Tuesday, July 10 — Estes Park to Green River, Utah



We got up pretty early and packed up pretty much right away; we still had leftover cooler food for breakfast, so we had that and then got on the road before 8 am. We took a slightly different entrance into Rocky Mountain National Park and went back up towards Trail Ridge Road, this time going the other direction, and stopping quite a lot for photo ops (beautiful misty light of the early morning) and for a couple of mini hikes, one just to look into a valley from up top, and one to see the Colorado River really close to its spring just past the Continental Divide, where it’s still very small. We had gorgeous blue skies for all of that and stopped for lunch once we got out of the park, and before we took another incredibly scenic route, a dirt road (Country Road One/Trough Road) before we hit I-70 and went along that all the way to Utah. We stopped at a very cool rest stop along the I-70, where it’s still going through deep canyons, right along the Colorado river, and watched big rafts and a massive freight train. The formations in the canyon are just amazing, and that stretch of the freeway (which was only started to be constructed in its current form in 1975) justifies the rest stop brag about it being one of the most scenic stretches of freeway in the U.S.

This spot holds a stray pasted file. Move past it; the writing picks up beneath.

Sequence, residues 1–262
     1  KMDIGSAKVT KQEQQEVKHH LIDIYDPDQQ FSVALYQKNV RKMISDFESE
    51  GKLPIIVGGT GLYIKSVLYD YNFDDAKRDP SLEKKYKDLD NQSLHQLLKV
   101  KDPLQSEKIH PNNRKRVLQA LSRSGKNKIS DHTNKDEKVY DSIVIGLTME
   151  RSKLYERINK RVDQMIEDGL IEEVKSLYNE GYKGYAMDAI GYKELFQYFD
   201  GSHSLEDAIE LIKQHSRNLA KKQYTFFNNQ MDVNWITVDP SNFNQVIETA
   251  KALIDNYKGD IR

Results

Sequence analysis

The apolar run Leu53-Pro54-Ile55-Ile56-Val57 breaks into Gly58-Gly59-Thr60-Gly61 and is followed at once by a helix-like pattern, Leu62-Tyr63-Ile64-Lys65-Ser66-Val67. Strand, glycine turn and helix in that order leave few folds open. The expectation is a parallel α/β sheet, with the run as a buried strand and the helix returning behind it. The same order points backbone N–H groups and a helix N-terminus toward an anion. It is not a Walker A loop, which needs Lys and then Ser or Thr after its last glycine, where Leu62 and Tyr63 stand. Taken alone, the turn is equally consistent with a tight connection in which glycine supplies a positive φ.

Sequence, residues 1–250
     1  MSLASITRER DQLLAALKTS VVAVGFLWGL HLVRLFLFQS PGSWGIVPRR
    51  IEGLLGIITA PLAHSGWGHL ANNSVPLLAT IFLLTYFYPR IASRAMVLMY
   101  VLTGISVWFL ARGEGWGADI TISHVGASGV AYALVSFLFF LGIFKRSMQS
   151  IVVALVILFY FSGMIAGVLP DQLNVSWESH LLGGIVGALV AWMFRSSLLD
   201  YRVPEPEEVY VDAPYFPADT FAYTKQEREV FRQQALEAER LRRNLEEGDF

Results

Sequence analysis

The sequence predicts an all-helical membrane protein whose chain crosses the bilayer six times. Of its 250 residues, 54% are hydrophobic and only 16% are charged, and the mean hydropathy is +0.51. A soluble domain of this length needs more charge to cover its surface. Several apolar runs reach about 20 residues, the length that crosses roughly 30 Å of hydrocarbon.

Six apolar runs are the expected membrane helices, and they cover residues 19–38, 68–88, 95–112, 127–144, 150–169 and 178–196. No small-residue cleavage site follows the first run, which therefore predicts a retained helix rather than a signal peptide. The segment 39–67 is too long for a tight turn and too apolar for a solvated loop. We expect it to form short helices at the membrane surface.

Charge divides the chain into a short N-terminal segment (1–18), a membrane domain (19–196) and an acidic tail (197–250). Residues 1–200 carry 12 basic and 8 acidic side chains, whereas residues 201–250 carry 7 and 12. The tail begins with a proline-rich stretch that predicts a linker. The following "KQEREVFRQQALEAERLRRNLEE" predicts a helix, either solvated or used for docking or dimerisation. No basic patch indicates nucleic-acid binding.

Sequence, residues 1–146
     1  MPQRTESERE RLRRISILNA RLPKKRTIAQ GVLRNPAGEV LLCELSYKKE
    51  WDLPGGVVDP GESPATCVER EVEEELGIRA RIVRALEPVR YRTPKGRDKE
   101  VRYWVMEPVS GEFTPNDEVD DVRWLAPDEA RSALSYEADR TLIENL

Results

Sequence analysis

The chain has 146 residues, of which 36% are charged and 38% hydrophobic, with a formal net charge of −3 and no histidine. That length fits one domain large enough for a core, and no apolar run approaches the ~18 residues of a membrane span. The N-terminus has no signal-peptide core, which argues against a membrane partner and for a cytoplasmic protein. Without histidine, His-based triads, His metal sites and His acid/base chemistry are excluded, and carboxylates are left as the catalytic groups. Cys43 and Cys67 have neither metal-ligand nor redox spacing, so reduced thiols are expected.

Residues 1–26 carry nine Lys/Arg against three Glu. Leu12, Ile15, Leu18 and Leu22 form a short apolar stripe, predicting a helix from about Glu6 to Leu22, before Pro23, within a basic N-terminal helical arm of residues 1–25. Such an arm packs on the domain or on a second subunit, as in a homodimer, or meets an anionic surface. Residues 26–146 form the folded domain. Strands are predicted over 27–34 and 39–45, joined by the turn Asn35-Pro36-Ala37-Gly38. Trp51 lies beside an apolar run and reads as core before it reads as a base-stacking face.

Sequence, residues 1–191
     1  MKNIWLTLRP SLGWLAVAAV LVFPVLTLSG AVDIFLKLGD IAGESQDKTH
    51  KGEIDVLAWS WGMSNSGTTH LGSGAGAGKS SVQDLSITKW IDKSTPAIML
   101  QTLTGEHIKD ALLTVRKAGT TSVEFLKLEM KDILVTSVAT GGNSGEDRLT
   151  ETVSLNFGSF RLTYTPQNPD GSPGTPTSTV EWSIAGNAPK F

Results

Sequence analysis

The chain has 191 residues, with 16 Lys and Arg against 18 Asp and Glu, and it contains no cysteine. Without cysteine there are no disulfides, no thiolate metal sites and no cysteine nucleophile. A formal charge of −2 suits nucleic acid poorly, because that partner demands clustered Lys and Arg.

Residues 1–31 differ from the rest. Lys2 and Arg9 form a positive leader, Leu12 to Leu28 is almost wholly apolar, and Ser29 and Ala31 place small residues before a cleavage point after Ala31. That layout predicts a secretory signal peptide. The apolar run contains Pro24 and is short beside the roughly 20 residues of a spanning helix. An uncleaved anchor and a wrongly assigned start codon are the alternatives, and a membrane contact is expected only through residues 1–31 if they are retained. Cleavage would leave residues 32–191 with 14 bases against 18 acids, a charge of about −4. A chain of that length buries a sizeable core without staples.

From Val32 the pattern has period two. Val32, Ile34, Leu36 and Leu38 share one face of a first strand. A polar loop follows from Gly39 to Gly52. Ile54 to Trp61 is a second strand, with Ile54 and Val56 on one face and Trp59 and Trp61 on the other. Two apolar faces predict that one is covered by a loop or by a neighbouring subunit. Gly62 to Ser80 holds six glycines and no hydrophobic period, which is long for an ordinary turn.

Once we got out of the Rockies, the landscape started changing to desert mesas and cliffs, first with and then without sage brush, and the colorations and dimensions were still really impressive–but we didn’t take any more stops or pictures, but kept going past Grand Junction about 60 miles into Utah, to find ourselves a hotel room and some dinner in the first available town with motels, Green River. The restaurant, Tamarisk, was right on the river, so we could see that it is actually quite green, and it’s understandable that it was the first town we could find, since there was only a vast stretch of desert along the interstate until this classic “we’ll settle where there’s a drop of water” town of 2,000. It’s hard to describe this bizarrely arid and hostile but beautiful and enormous landscape, and it will be interesting to see just a little more of it tomorrow. We’ll be back for a closer look at Utah after Las Vegas and the Grand Canyon, so we’re not stopping for any specific sights at this point.


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